Watha T. Daniel/Shaw
Neighborhood Library

Published on Saturday, August 20, 2011

Embassytown Book Cover

Published on Saturday, August 6, 2011

Dance with Dragons coverOn Thursday I finally finished my month-long reading of the new George R.R. Martin book, A Dance with Dragons. And while I could sit down right now and reveal a ton of spoilers, I will instead take a different road and talk about the overarching story themes across all five novels that I’ve only just realized.

Published on Thursday, August 4, 2011

We here at Shaw Library hope you are having a super summer, and that you took the time to enjoy books with your little one during the break. Children who read over the summer not only maintain their reading levels, but learn to read for enjoyment. Now is the time to bring your child in to pick a out a book of their choosing, before homework starts to encroach on precious free time. The freedom to follow their own interests and tastes on books is such a powerful motivator, leading to a lifetime of reading.

Published on Wednesday, August 3, 2011

Kathleen Hanna ponders the intersection between Coco Chanel and literature

Published on Thursday, July 14, 2011

We love our babies.  We see hundreds of parents, caregivers and children a week at Watha T. Daniel, and we see a lot of people bringing children to every program we offer. While that seems like a great way to spend the day, it may not be the right thing for your child. 

Each of our programs is carefully constructed to provide the right experience for children who are at specific different stages of development verbally, educationally and socially. Children who are too young or too old for a program will not be getting the right social experience for their age group. So to help you choose the right programs for your child, here are the recommendations about which programs are geared to which age groups and why.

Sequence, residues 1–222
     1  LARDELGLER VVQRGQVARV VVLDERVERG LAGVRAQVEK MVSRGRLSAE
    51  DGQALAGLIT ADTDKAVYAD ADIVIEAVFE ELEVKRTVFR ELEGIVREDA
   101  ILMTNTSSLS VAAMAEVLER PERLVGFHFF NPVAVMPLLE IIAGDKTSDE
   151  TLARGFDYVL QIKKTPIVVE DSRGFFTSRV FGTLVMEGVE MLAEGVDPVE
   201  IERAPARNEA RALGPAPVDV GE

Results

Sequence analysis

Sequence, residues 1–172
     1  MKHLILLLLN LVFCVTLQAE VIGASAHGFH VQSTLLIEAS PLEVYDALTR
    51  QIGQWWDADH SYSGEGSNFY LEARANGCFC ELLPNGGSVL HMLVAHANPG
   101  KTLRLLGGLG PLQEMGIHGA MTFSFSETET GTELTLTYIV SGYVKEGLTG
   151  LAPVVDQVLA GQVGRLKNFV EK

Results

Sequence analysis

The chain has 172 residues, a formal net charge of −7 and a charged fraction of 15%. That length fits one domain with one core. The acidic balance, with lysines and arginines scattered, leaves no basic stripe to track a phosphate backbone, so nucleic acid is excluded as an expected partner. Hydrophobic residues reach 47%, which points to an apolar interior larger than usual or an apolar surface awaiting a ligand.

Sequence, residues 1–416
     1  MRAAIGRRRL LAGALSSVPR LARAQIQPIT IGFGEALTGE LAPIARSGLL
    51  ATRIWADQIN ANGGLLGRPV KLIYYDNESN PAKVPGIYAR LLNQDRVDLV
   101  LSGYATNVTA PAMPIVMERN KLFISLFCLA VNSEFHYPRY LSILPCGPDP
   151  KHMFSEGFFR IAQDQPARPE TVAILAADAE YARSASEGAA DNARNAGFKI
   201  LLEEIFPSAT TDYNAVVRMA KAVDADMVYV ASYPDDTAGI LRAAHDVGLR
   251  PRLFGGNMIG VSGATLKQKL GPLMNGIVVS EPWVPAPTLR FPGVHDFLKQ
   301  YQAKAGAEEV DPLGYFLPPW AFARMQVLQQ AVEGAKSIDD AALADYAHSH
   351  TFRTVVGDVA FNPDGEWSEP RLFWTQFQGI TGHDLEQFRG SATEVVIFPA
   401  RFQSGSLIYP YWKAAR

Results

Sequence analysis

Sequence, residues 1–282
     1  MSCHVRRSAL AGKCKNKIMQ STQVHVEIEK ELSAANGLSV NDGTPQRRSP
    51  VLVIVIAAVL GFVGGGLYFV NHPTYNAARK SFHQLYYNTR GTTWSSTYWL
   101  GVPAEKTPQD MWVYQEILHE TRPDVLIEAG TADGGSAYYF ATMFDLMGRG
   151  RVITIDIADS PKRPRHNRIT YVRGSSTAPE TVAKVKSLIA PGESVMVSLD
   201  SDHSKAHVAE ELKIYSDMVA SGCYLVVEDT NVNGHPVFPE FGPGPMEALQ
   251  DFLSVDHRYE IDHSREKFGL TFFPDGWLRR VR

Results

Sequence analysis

Ages Birth to 2 Years Old

Published on Monday, July 11, 2011

NobelNovel Destinations is the theme of the Adult Summer Reading Program for 2011. It runs from May 21 to August 6. The Watha T. Daniel / Shaw Library will explore exciting literary landscapes from the world’s best writers – the Nobel Laureates of Literature.

Published on Wednesday, July 6, 2011

RobopocalypseWho doesn't like a good apocalypse?  The world, tightly wound and ignorant of its imminent demise, is brought to a screeching halt by forces that cannot be contained; humanity is confronted with its own mortality on a global scale.  A reckoning has come, and all of us must come to grips with the consequences of ... whichever thing it is the story is about.  Nuclear fallout, pandemic disease, global warming, or the wrath of God, we eat it up -- the proof can be found in the box office results for movies like 2012, Godzilla, Planet of the Apes and even Wall-E.  

Published on Monday, June 13, 2011

Philip Marlowe Photo

Loners are a breed explored again and again in literature and cinema. If such an archetype exists in order to provoke self-reflection in the viewer or reader, then it would be fair to say that loners are the vessels with which you are forced to acknowledge your own mortality. Without the company of others as a distraction, there is nothing obviating the fact that one day, as we all came from the womb, we are, of course, bound for the tomb.

Published on Monday, June 13, 2011

Forever by Judy Blume

Remember the week you passed around Judy Blume’s Forever to all your girlfriends, covertly whispering and giggling about “Ralph”? Was it Elizabeth's squeaky-clean image or Jessica's wild streak you admired in Sweet Valley High? What exactly did you imagine Turkish Delight to be in The Lion, The Witch, and the Wardrobe? Was Holden Caulfield a hero for the youth of today, or simply a spoiled, directionless iconoclast prone nervous breakdowns?

Published on Thursday, June 9, 2011

Joyce BryantWednesday, June 15, 7:00 p.m.

"The black Marilyn Monroe," "The bronze blond bombshell, "the voice you'll always remember," Joyce Bryant was a singer/celebrity all of us would have known in the 1950s. With her sexy skintight gowns, metallic-silver hair, incredible voice and "pioneering stances against racial discrimination," it's shocking she's not better remembered.